Shenseea: I didn’t think it was going to be this big at all. I was like ‘Okay, yayy! I’ve got a song with Vybz Kartel. Let’s do it.’ But for the video to [reach] 1 million [YouTube views] in one week, and it’s still 11 million and counting, I didn’t know it would be that big. Especially internationally. I have a lot of international supporters.

LU: How many songs had you recorded prior to that?

Shenseea: I had officially recorded two songs.

LU: So that was pretty lucky then to have a song that big on your third try…

Shenseea: It was… it was.

LU: For those people aren’t familiar with the game, what can you tell them about loodi and its significance in Jamaica.

Shenseea: Ludo — we call it loodi here — is a popular traditional Jamaican game. We normally have a board with “houses” as we would call it. Everybody would be in their home with their marker, and you would have two dice. You would throw the dice and whatever number comes up, we count with our marker. And [whoever] makes all four markers reach in first is the winner.

LU: Is it a game that you enjoy playing? Or did you just happen to make a song about it?

Shenseea: I enjoyed playing this game [when] I was really young. I played it quite regularly. Up until now, I prefer loodi more than domino.

LU: There was some controversy or confusion about the origins of the song. Can you tell your version of how the song came about?

Shenseea: The producer [Elvis Redwood of SoUnique Records] sent me the song and said that he would like for me to do the verses, but I must not touch the chorus. I could add whatever I want to the verses. Just add my own touch, and don’t touch the chorus. So that’s what I did. Not once did I ever come out and say I [wrote] the entire song. I guess that’s where people got confused. But then again, I said it many times on interviews that I didn’t write the song.

LU: Have you had an opportunity, whether directly or indirectly, to speak with or communicate with Vybz Kartel?

Shenseea: No.

Dancehall star Shenseea photographed in Saint Andrew, Jamaica“We need more female artists. Then they will stop saying music is male dominated.”

LU: Has there been an intention to make more songs like that, with the male/female combination? You’ve released a few lately, including “Rolling” with Sean Paul.

Shenseea: Yes, I have a lot of collaborations, it’s just when they are gonna be released. I have a couple with Beenie Man [and] Chris Martin. I just did “Bridgets and Deserts” with Tommy Lee, and I have collaborations with international artists as well.

LU: How do you balance being a young mother and somebody that’s building a music career?

Shenseea: If I’m at the studio, my son is about two minutes away from me. If I have an hour break, I will try to spend a little time and come back to work. Whatever little time I have, I spend. I definitely try to do the work first, and then I spend time with him after. Because I know that once the work is done, then we will see the benefits in the long run. I have to pree it like that. But whatever free time I have, I use it to spend time with him.

LU: What are some of the challenges that you’ve faced as an emerging artist?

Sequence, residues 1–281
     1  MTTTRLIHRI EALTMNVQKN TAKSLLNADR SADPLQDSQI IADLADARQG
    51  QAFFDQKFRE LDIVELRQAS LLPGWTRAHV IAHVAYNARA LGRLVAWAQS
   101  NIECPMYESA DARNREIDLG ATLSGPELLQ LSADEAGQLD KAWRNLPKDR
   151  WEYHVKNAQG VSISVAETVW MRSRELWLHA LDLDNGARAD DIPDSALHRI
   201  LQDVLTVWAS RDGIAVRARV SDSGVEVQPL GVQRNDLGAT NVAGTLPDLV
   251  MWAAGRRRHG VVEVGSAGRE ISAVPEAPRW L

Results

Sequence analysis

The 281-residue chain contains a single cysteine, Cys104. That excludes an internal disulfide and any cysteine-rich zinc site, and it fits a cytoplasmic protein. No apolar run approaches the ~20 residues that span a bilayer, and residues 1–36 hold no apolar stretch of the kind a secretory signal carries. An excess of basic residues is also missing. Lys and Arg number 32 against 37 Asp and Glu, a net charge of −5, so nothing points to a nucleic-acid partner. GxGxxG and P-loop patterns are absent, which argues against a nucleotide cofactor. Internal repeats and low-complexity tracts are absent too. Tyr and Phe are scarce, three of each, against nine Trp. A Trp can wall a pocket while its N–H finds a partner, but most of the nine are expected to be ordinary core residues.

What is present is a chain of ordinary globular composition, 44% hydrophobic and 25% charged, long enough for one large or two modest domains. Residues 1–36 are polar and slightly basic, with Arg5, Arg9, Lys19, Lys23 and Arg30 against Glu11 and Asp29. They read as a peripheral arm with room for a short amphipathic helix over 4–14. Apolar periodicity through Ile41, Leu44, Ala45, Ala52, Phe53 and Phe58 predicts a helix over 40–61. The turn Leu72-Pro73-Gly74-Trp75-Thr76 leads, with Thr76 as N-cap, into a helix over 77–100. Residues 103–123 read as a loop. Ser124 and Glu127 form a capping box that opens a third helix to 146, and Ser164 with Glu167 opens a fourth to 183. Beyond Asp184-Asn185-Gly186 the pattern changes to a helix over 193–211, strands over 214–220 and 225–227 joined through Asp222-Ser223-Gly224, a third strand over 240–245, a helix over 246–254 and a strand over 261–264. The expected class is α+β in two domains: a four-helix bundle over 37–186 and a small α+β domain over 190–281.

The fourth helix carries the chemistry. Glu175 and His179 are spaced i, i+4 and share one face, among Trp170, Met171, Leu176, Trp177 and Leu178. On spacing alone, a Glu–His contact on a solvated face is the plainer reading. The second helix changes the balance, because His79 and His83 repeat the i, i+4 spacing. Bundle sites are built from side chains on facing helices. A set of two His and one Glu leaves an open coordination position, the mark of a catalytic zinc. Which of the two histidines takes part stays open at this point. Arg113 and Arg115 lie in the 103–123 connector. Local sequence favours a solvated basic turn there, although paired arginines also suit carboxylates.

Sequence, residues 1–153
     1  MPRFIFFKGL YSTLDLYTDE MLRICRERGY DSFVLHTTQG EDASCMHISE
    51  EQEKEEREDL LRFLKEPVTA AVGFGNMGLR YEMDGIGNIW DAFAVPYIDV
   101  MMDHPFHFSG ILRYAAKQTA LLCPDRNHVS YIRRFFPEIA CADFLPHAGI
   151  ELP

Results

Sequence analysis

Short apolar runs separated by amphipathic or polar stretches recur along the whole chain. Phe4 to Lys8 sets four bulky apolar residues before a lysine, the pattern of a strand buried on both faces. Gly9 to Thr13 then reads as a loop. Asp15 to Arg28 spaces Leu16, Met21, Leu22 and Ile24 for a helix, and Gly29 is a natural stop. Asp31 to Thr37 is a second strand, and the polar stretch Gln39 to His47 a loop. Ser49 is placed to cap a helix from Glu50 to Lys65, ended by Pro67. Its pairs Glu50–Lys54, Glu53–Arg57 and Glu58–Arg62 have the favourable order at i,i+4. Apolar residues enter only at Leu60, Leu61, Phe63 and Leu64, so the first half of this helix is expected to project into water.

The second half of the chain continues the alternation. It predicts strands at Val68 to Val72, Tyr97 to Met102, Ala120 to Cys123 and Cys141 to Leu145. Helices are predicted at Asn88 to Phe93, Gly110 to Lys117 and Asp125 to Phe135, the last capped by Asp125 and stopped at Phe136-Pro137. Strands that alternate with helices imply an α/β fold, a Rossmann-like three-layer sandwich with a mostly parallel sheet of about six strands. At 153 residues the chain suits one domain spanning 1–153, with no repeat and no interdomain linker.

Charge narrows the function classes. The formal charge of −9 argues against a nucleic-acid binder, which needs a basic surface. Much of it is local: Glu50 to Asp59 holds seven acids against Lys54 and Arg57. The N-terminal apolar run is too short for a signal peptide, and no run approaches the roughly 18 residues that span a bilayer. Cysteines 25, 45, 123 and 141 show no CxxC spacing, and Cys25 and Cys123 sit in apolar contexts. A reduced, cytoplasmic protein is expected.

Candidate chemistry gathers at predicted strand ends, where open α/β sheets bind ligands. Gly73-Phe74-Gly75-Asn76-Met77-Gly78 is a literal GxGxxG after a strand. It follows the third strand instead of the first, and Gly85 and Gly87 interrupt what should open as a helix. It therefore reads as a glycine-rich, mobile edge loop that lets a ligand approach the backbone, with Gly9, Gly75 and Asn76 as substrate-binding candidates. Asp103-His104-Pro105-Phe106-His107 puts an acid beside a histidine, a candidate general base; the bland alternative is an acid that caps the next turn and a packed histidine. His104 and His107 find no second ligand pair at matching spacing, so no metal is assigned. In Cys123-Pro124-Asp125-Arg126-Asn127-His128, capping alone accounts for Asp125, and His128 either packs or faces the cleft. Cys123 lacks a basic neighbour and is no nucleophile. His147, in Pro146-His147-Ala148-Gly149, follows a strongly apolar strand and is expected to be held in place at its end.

Shenseea: Just time, really… time. That’s one thing. I don’t have a lot of time. Everything is rushed. Everything is going so fast.

LU: Dancehall has always been a male-dominated genre. Even when Lady Saw was at her peak, she wasn’t regarded in the same light as a Beenie Man or Bounty. Do you think it’s a good time for female artists?

Shenseea: Any young female artist or dancehall artist out there should just keep doing their thing. Your time is definitely your time and it makes no sense to try to rush it. If it’s meant to happen, it will happen. We do need more female artists. Maybe then they will stop saying music is a male-dominated industry. I would just encourage them to keep on doing their thing and just do it the right way.

Dancehall star Shenseea photographed in Saint Andrew, Jamaica
“I do not intend to be forgotten any time soon.”

LU: As a young artist, how do you deal with the criticism from social media? You get all this instant feedback, and it’s so easy for people to be so negative when they’re not in your face.

Shenseea: I try not to answer them because most of them are fake pages and I cannot see beating up myself over anything fake, especially social media. [Secondly], as long as they’re talking, I’m happy. If they’re not talking, I’m worried. When nobody talks about you as an artist,  you know that something is definitely wrong or you’re being forgotten. I do not intend to be forgotten any time soon. So as long as they’re talking, I’m good.

LU: Are you writing most of your songs? Do you freestyle on the spot, or do you come in with prepared lyrics?

Shenseea: It’s a bit of both. Sometimes I write in the studio, sometimes I write at home. But my best songs come from when I write [at] about 2am to 5am in the morning, alone.

LU: We see you’ve gotten some braces. Are those for correction, or style?

Shenseea: The braces are for correction.

LU: What was the highlight for you in 2017, and what are your plans for 2018?

Shenseea: The highlight for 2017 was getting signed by three major corporate companies, Pepsi, FLOW and Campari, for the entire Caribbean. For 2018, I’ll be showing my fans my versatility. I will be releasing my reggae EP, and you will hear me singing more. I have my merchandise line coming out as well. 2018 will be a greater and stronger year than 2017.

Dancehall star Shenseea photographed in Saint Andrew, Jamaica

Special thanks to Romeich Major, Chris Schlarb, Varun Baker and Kadene Pitter.